The only thing stirring that didn’t involve a dog leash downtown here early Thursday was Jimmy and Angie Mock.
They were taking the boards off their store, Market on The Square, preparing to reopen their tourist business in Georgia’s southernmost coastal city.
Residents who stayed to ride out Hurricane Dorian could breathe easy again after the massive storm stayed mostly offshore as it passed this community of 18,000 people late Wednesday, continuing up the Atlantic coast toward the Carolinas.
The small downtown area was still windy, but there was no rain, and flooding from Wednesday morning’s high tide had receded. High tide overnight, the next major test, also proved uneventful.
A quick survey of downtown suggested the worst wind damage was part of a gutter hanging off a building.
There were no signs of large electricity outages. A Georgia Power crew quickly left after checking on conditions Wednesday.
The Mocks, meanwhile, focused on unloading a U-Haul in front of their store.
They started packing up on Labor Day and finished Tuesday, driving valuable equipment and other contents inland.
The ice cream and souvenir shop is at ground level and maybe 150 feet away from the St. Marys River, ground zero for flooding here.
The store got two feet of water during Hurricane Irma two years ago, and they lost all their electronic equipment.
Dorian didn’t bring a drop inside this time, while pulling off part of a gutter.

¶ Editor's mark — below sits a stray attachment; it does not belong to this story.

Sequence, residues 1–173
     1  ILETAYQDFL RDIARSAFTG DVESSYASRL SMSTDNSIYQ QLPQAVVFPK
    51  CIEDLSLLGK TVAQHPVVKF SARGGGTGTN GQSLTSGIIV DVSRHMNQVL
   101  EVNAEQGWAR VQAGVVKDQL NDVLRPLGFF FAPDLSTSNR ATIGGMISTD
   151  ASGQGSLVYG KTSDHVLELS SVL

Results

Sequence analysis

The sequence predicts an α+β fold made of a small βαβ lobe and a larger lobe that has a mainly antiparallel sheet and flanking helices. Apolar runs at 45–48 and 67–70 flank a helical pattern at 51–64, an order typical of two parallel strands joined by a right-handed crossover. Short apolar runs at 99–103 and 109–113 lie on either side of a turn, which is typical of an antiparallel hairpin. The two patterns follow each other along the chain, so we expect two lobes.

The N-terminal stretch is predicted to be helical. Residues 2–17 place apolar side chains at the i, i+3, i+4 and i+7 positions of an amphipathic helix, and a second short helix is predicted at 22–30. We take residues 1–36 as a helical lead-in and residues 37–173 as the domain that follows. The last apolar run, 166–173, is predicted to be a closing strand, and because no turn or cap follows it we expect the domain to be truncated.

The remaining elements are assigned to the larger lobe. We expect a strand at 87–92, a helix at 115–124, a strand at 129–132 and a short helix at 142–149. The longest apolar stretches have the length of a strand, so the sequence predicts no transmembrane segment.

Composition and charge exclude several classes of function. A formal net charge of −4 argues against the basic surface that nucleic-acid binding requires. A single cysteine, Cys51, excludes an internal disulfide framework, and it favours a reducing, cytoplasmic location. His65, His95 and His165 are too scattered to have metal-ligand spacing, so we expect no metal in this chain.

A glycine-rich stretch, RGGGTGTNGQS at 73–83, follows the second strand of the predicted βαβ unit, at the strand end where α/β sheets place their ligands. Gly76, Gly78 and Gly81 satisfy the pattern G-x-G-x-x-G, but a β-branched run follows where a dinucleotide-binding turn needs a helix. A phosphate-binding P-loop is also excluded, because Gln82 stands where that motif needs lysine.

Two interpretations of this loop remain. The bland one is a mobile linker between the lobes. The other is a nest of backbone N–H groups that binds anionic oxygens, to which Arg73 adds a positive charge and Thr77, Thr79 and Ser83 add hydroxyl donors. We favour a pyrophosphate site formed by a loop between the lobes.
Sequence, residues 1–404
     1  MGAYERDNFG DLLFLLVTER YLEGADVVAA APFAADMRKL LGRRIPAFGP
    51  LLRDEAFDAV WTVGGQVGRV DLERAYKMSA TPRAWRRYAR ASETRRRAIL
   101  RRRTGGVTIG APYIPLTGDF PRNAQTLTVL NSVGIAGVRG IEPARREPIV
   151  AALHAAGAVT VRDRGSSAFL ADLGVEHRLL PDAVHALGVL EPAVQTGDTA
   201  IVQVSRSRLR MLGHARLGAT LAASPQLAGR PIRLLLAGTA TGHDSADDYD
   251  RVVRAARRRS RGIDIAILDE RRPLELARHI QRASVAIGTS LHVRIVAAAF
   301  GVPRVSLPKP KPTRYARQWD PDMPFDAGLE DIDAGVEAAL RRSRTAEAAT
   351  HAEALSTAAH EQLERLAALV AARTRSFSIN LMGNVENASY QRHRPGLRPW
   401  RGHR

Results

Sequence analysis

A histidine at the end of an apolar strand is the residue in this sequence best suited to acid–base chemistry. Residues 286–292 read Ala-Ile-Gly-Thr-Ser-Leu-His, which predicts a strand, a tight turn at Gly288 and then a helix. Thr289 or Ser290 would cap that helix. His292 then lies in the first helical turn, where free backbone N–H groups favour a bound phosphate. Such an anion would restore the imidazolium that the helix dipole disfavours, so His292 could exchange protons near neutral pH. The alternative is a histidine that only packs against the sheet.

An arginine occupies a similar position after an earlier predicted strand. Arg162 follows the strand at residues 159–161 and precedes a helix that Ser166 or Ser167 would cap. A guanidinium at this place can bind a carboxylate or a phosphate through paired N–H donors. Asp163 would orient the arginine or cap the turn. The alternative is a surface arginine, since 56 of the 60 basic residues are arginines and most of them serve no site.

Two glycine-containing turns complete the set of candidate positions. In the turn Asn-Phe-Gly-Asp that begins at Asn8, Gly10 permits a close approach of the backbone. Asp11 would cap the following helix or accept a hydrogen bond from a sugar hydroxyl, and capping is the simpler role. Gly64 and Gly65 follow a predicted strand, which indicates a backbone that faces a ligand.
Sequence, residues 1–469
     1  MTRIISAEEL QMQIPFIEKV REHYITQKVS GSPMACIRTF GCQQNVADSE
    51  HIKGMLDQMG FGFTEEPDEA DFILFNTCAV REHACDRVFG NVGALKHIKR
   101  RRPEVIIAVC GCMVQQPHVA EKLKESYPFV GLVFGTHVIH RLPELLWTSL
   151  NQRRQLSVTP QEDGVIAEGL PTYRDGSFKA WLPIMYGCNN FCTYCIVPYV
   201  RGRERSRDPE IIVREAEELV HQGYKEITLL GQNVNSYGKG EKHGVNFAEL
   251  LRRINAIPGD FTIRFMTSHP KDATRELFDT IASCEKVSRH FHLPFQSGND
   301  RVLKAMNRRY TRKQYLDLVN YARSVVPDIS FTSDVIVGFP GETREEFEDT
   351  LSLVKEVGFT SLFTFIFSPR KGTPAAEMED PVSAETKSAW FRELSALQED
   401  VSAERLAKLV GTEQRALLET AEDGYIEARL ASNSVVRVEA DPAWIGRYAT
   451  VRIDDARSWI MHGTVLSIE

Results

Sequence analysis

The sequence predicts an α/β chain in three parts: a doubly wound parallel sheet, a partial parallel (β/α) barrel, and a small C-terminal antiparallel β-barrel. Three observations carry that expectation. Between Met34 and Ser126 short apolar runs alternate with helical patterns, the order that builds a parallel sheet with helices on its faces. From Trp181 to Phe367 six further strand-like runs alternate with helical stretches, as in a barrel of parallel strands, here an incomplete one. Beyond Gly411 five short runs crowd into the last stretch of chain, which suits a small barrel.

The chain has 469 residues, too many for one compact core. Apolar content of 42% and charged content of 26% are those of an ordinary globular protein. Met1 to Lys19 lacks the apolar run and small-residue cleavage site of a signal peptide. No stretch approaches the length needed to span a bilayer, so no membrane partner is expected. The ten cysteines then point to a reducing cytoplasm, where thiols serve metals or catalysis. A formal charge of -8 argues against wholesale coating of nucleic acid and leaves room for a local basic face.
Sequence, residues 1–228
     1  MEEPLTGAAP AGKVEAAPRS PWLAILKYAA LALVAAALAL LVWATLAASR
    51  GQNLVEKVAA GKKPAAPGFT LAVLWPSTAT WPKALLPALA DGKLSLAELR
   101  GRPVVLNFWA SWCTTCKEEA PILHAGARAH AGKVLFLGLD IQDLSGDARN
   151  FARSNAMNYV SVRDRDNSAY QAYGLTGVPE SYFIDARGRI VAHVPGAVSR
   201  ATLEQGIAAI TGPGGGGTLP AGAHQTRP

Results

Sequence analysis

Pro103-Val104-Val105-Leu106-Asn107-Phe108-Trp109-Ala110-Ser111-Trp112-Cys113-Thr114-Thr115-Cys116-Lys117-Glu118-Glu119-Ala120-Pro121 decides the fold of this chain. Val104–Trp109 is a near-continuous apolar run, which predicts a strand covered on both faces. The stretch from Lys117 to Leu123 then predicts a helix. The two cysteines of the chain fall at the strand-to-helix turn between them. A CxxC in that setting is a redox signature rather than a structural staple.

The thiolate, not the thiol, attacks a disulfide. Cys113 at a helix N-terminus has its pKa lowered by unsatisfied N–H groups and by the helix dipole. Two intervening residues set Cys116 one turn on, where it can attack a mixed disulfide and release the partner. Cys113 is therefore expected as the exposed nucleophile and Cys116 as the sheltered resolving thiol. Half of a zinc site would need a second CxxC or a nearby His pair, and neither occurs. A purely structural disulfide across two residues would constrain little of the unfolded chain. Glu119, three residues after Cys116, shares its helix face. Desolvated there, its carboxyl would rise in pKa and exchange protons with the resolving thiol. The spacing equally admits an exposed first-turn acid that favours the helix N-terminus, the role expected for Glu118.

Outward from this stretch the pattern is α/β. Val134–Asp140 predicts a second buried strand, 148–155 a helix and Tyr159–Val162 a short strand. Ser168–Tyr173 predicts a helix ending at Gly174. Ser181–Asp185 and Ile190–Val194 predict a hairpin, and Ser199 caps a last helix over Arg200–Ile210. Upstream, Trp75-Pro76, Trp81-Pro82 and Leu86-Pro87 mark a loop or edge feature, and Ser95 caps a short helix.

Jimmy Mock, 77, was waiting for help to unload the three ice cream machines because everyone who helped them pack up is back to work.
“I’ll be breathing easy in two days,” he said when asked if he felt lucky to have avoided the storm’s wrath.
Brunswick’s Glynn County, other parts of Camden County also largely spared
Other parts of Camden County, in which St. Marys is the largest city, also appeared to have escaped major damage.
Gas stations were open but calm. Crystal Smith was working at the Raceway gas station off Interstate 95 on Thursday. She said people have been calling to see if the store has gas, which it does because it never ran out.
Smith lives just across the state line of the St. Marys River in Yulee, Florida. She said the lights flickered once in her home.
“I thought it was going to be worse than Matthew and Irma,” said a relieved Smith.
Glynn County, about 30 miles north, also suffered minimal damage from Dorian, said county spokesman Matthew Kent.
As of about 9 a.m., he said, only about 300 Georgia Power customers were without power in the county, which has a population of about 85,000. The county seat is Brunswick, the next coastal city north of Saint Marys and east of I-95.
Editor’s note: This article was updated with additional reporting from Camden County and Glynn County.
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